Why Dieting Does Not Usually Work

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“Five years after a diet, most people have regained the weight. Forty percent of them have gained even more.” Here’s why…

If you’ve ever been interested in controlling your weight, then you need to see this fascinating talk by neuroscientist Sandra Aamodt.

The full talk is at the bottom, but here’s a quick summary.

She begins with a personal confession:

“Three and a half years ago, I made one of the best decisions of my life.

As my New Year’s resolution, I gave up dieting, stopped worrying about my weight, and learned to eat mindfully.

Now I eat whenever I’m hungry, and I’ve lost 10 pounds.”

The talk doesn’t describe a miracle cure, but rather the hard science behind diets and why they don’t usually work.

Here are the main points Aamodt makes about dieting and the brain:

  1. The brain has a set-point for the body’s weight and it’s very difficult to move out of this range (it’s around 10-15 pounds or 5-7kg).
  2. If you lose too much weight, the brain goes into starvation mode, stores up fat and conserves energy.
  3. Successful dieting cannot lower your weight set-point.
  4. Unfortunately your weight set-point can go up over the years as your brain gets used to a higher norm.
  5. People classified as ‘controlled eaters’ (in other words dieters) are more likely to overeat and go on food binges, leading to more weight gain.
  6. Children who diet are more likely to end up overweight and develop eating disorders.

So, what’s the answer?

Mindful eating.

Aamodt continues:

“Give yourself permission to eat as much as you want, and then work on figuring out what makes your body feel good.

Sit down to regular meals without distractions.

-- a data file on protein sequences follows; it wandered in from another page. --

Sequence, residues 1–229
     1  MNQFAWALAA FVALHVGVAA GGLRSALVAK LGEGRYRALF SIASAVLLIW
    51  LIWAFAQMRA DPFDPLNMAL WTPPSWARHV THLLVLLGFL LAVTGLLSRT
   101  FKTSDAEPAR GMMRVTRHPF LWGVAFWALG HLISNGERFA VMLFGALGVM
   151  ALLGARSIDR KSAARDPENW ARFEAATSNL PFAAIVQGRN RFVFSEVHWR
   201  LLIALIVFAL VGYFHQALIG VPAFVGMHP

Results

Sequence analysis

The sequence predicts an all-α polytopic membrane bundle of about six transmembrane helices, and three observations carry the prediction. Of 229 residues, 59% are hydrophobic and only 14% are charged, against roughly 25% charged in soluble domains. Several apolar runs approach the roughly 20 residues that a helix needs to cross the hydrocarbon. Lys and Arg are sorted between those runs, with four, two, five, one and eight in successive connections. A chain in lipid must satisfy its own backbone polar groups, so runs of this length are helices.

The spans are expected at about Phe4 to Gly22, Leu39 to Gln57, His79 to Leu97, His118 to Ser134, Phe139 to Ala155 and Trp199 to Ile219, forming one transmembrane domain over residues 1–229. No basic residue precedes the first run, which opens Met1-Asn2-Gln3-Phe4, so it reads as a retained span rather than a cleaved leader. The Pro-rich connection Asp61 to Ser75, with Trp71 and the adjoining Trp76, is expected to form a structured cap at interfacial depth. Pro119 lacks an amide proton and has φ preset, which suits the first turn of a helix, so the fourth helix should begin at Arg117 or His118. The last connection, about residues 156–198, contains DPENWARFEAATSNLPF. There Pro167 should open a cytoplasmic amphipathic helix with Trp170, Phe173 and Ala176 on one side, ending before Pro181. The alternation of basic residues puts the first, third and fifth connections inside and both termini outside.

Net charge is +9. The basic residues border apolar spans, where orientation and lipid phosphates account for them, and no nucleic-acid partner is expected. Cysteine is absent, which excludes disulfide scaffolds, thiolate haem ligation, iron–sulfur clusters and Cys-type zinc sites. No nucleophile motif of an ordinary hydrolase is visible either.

Think about how your body feels when you start to eat and when you stop, and let your hunger decide when you should be done.

It took about a year for me to learn this, but it’s really been worth it.”

In other words: go from being a controlled eater to being an intuitive eater.

Mindful eating in this way won’t necessarily help you lose weight — unless you’re the kind of person that eats when you’re not hungry.

What it will do is help you enjoy food more and probably stop you gaining weight.

Apart from anything else, diets usually don’t work, so why torture yourself?

Here’s the clincher:

“Five years after a diet, most people have regained the weight.

Forty percent of them have gained even more.

If you think about this, the typical outcome of dieting is that you’re more likely to gain weight in the long run than to lose it.”

Here’s the full talk:

Image credit: TED

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About the author


Dr Jeremy Dean is a psychologist and the author of PsyBlog. His latest book is "Making Habits, Breaking Habits: How to Make Changes That Stick". You can follow PsyBlog by email, by RSS feed, on Twitter and Google+.

Published: 16 May 2014

Text: © All rights reserved.

Images: Creative Commons License